A San Francisco State University student of color harassed and assaulted a white student earlier this week, accusing him of stealing her culture—because he had dreadlocks.
The encounter took place in the Cesar Chavez Student Center, and was captured on video. The video clearly shows a black female student, identified as Bonita Tindle, confronting a dreadlocks-wearing white male named Cory Goldstein. Tindle is accompanied by a black male: both insist to Goldstein that his dreadlocks are tantamount to cultural appropriation.
Goldstein responds by insisting that his look is Egyptian, and doesn't belong to them. They counter by demanding to know whether he is Egyptian.
"You're saying I can't have a hairstyle because of your culture?" asks Goldstein. "Why?"
"Because it's my culture," asserts Tindle.
Goldstein eventually says, "You know what, girl, you have no right to tell me what I can and cannot wear." He then attempts to leave the area. Tindle grabs his arm and physically restrains him. After being pushed around for a few moments, Goldstein separates himself from Tindle and walks off. The self-proclaimed cultural enforcer then notices that she is being recorded by a third-party, and demands to know why.
"For everyone's safety," says the person shooting the video.
Tindle then appears to attack the cameraman just before the clip ends.
When I first watched this video, I was suspicious that it was staged: It just seems too ridiculous. But Goldstein posted about it on Facebook and said it really happened. "I just got physically assaulted because I have dreadlocks woe," he wrote.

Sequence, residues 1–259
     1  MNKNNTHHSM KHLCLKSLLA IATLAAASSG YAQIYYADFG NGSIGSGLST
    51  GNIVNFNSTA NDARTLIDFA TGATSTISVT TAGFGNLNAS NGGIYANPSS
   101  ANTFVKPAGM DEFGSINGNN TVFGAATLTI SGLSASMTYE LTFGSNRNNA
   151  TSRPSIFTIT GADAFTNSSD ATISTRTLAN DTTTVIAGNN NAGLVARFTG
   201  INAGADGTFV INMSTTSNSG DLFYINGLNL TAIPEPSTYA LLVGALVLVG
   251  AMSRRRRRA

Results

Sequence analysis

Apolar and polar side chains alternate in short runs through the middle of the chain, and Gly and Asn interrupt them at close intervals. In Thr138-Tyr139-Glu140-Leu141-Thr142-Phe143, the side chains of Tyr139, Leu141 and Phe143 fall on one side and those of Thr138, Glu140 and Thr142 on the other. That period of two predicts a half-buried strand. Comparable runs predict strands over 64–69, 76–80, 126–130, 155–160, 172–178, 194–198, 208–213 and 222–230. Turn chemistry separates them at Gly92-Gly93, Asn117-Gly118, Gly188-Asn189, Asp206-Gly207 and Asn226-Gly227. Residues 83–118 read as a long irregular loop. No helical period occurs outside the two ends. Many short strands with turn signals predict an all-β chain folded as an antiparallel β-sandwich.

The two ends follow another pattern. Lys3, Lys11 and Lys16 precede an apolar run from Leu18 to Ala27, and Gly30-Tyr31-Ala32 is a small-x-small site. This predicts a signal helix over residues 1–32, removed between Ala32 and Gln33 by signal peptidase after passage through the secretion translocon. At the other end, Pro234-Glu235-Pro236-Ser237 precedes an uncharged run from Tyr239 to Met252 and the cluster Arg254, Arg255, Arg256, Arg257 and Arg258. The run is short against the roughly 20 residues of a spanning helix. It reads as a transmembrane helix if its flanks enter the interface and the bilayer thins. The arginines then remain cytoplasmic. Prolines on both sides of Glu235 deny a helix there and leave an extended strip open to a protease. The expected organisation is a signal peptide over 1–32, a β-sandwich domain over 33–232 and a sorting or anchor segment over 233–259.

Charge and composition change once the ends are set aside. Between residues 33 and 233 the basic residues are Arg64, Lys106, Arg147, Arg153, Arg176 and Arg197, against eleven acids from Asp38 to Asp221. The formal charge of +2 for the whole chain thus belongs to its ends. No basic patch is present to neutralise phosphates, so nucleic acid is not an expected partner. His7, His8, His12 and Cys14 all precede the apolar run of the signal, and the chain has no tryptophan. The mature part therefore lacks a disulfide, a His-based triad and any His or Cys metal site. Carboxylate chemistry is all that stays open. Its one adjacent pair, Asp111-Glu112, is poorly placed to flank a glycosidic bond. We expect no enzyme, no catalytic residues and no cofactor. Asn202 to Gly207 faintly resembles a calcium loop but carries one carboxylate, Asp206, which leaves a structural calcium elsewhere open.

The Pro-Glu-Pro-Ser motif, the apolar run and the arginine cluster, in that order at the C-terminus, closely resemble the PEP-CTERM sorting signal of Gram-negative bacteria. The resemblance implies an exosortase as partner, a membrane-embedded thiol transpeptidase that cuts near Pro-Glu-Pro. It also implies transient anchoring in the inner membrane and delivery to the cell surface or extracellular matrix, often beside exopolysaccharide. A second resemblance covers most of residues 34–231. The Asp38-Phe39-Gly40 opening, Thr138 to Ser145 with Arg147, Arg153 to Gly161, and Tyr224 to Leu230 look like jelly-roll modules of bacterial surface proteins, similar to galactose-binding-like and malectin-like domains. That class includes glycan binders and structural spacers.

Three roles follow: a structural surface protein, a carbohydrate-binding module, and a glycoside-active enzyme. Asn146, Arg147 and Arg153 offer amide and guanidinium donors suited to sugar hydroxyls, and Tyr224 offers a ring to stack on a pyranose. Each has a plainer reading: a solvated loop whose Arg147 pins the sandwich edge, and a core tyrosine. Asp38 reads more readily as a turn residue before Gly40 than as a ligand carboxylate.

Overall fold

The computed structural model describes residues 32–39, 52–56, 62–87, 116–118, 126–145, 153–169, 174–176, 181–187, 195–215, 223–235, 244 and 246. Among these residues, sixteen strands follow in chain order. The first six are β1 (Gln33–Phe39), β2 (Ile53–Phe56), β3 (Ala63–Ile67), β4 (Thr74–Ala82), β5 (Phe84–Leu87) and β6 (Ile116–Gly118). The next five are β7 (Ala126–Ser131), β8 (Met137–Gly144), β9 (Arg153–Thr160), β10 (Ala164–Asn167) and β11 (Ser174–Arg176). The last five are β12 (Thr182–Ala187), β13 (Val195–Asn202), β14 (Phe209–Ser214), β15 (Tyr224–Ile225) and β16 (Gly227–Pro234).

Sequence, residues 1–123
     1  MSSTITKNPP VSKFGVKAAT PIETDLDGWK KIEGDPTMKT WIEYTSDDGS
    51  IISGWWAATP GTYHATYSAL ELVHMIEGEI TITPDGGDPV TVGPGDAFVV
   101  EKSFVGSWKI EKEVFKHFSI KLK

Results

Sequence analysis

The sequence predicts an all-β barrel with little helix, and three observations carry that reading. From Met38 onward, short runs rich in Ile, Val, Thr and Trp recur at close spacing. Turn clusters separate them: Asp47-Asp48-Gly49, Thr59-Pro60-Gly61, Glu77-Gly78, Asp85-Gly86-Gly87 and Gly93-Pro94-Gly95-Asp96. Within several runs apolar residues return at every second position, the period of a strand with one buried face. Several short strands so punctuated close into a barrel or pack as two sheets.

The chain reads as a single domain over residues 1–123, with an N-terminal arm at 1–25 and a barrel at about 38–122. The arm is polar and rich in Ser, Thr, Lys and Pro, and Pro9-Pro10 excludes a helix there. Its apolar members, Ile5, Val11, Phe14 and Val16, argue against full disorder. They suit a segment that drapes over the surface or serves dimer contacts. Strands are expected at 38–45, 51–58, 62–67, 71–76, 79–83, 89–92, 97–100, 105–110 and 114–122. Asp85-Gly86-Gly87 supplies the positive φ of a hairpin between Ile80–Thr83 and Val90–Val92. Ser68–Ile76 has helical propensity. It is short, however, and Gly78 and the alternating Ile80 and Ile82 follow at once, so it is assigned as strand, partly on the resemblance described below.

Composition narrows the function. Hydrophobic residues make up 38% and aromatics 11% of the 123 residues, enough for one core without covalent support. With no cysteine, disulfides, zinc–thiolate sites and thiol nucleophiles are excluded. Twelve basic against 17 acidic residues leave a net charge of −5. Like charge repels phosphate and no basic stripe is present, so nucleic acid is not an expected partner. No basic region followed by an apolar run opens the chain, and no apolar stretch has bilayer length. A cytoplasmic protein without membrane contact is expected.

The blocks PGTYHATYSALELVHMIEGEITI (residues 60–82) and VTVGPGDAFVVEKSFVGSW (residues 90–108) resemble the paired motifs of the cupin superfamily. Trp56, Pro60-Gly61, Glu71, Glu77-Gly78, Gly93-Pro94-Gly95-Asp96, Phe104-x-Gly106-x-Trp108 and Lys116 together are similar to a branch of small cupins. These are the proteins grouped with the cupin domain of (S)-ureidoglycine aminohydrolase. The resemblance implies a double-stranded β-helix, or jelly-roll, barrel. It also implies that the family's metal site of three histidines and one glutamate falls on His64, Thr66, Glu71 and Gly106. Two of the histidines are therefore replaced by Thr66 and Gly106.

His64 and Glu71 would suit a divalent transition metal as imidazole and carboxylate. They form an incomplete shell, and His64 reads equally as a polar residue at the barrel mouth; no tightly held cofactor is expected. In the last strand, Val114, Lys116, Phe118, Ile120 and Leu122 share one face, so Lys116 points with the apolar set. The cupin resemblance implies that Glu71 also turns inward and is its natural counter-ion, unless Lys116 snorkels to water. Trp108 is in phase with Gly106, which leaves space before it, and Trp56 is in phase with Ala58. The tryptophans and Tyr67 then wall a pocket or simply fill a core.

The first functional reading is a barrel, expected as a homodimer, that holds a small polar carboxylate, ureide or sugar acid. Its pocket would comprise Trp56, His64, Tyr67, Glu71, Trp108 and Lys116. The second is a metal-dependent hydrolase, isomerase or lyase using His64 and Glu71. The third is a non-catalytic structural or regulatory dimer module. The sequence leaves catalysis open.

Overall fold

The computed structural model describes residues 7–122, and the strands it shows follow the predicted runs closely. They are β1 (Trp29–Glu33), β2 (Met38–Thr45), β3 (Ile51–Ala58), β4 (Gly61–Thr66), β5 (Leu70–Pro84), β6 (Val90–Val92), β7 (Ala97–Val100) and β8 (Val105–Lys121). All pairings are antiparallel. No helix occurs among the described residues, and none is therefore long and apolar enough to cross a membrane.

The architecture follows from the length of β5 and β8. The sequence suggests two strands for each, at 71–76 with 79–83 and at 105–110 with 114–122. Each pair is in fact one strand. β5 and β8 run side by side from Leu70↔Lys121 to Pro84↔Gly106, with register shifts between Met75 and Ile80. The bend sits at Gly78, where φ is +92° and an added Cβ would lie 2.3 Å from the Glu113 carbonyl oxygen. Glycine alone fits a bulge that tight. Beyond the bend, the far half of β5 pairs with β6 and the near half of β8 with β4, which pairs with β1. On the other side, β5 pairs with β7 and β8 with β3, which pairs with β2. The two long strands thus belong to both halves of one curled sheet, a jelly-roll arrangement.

What's more, the campus police responded to the incident, according to a press release:
University police were called to the scene of the incident when it occurred. The two individuals involved in the incident are not San Francisco State University employees. Further, no criminal charges have been pressed at this time to the University's knowledge.
San Francisco State University promotes the rights of the campus community to engage in free speech, but does not condone behavior that impedes the safety or well-being of others. We are taking the matter seriously and will promptly and thoroughly investigate this incident through applicable University channels, including our campus student conduct procedures.
I don't know whether Goldstein or someone else called the police, who did not immediately respond to a request for comment. If he doesn't want to press charges, that's his choice. But Tindle's thuggish behavior was completely inappropriate, and she deserves plenty of derision—partly for her awful views on cultural appropriation, but mostly because she used violence to back up her opinion.
Given how obsessed universities are with creating safe spaces for students, I'm surprised SFSU isn't taking more decisive action. What good is a safe space, after all, if it does not guarantee actual physical safety?
In any case, shame on Tindle for going full Melissa Click on someone she disagreed with. To borrow a phrase from student-activists, perhaps she needs some mandatory cultural sensitivity training.